Skip navigation

Public life hasn't always been easy for James

There was a time when Carole James questioned whether a public life was for her. In fact, there were lots of times during her nine-year stint on the Victoria School Board (seven as chair) when she'd drive home after a particularly rancorous meeting wondering whether the gratification she derived from serving her community was worth the abuse that often came with it.

"We had to make some tough, tough decisions during that time," the 47-year-old NDP Leader says now.

"And there were occasions when it got pretty ugly."

Like the time the board came up with a plan to slash nearly $13-million in programs and services from its $127-million budget. The year was 1994 and there wasn't an aspect of school life in B.C.'s provincial capital that wasn't going to be affected by the measures, from music programs to janitorial services. Ms. James called a series of public meetings to give parents a chance to voice their concerns.

Some janitors came too.

"We had one guy come to the front of the meeting with a bucket filled with stuff he'd picked up in the playground that morning," Ms. James recalled. "And he just poured the stuff out on our desks . . . there were syringes, used condoms, other bits of trash. That was his job, he picked up stuff like that each day. His point was the cutbacks would affect kids in ways maybe we hadn't considered."

Ms. James was booed and screamed at many nights. Often there were angry, threatening messages waiting for her on her answering machine when she got home.

It got so bad that she instructed her children not to listen to the recordings.

And then one day a letter arrived.

"It was in Chinese," Ms. James said. "So I had someone translate it. It turned out it was a death threat. I had to notify the police.

"It shows you the kind of emotion people were feeling around the issues at the time. They were not easy decisions but sometimes, actually often, public service means having to carry out decisions that aren't popular. I mean, there were a few nights, especially during the early years on the board, I'd be driving home and you couldn't help feeling a little overwhelmed by it all."

And Ms. James would sometimes end up in tears. But it was in the solitude of her car she often summoned strength from two remarkable women in her life, who continue to influence her decisions today.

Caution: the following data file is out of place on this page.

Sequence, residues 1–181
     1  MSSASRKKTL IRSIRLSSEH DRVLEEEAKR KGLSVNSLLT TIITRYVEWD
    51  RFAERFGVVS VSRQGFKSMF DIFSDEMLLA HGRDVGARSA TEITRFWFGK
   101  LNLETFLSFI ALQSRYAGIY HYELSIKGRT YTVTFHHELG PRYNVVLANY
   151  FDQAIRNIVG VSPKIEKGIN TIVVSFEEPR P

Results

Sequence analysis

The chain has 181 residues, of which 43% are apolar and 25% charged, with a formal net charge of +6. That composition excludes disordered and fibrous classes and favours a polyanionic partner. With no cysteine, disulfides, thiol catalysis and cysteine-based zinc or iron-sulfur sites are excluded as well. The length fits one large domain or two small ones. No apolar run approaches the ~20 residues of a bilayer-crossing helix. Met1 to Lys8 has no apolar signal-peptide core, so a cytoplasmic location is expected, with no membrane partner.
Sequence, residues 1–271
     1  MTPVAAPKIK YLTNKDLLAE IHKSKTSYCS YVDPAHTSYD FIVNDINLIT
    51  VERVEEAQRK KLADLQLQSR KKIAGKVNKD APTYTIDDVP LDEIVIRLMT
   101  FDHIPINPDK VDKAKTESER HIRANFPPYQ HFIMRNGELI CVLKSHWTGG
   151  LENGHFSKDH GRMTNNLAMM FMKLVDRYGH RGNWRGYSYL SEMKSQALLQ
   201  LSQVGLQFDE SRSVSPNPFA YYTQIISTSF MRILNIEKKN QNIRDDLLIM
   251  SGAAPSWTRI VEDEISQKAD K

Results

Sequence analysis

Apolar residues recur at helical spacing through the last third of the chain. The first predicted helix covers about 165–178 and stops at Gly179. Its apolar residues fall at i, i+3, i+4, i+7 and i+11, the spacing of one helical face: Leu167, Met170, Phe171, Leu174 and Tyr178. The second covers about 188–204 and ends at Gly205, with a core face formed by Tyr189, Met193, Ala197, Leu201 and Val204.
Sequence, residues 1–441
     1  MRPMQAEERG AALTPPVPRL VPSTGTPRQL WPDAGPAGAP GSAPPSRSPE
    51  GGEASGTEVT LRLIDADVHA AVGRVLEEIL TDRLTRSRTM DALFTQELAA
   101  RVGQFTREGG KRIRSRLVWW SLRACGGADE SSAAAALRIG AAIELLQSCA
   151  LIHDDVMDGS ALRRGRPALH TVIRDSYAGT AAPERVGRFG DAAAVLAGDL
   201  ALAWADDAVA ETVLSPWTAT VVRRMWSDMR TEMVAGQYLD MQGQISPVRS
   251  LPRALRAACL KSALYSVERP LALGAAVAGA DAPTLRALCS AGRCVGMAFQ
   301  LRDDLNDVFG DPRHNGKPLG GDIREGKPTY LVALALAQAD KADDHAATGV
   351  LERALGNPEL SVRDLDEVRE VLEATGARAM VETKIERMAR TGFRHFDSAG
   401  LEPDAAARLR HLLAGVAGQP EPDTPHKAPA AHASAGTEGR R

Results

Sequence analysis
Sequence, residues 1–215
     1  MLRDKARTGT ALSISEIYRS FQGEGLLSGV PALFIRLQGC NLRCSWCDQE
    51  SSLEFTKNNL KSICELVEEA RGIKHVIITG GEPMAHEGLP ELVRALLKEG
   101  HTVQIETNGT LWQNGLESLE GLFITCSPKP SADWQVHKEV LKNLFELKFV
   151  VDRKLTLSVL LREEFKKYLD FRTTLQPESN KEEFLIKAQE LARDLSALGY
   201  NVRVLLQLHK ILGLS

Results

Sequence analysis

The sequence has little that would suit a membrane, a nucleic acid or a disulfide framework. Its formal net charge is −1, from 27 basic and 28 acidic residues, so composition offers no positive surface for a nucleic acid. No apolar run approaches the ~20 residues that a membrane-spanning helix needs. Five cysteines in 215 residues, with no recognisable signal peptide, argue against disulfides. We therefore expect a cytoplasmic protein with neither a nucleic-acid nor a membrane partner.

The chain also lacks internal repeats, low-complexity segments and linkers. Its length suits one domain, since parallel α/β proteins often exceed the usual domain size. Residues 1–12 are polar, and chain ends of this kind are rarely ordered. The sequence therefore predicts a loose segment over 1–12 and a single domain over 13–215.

There is a reason people say Ms. James is both tough and compassionate. It's in her blood.

Edith and Richard Jones emigrated from England to Canada in the 1950s in search of the wondrous opportunities the country was said to offer. They settled in North Battleford, Sask., where Ms. Jones would become fond of saying, "We were poor in Manchester but at least our toilet was inside the house."

Ms. Jones quickly found work as a nurse. One night while walking home from work she got caught in a Prairie snowstorm. She got frostbite so bad in one leg it had to be amputated.

After being fitted with a wooden replacement, she was back at work, as resilient and pleasant as ever.

The couple's daughter, Mavis, graduated from high school at 15 and was pregnant a year later. Not wanting her parents to know, she feigned homesickness and returned to England to live with an uncle until her baby was born, a daughter she named Carole. Mavis would return to North Battleford soon after, have another girl at 17 and marry the children's father. But when he took off soon after they said their vows, she enrolled in a teachers college in Saskatoon and left her parents to look after her children.

"My mother would hitchhike back and forth on weekends," Ms. James said. "That was quite a trek [130 kilometres] and she'd do it regardless of the weather. . . . There was no money so she did what she had to do."

Recommend this article? 0 votes

Back to top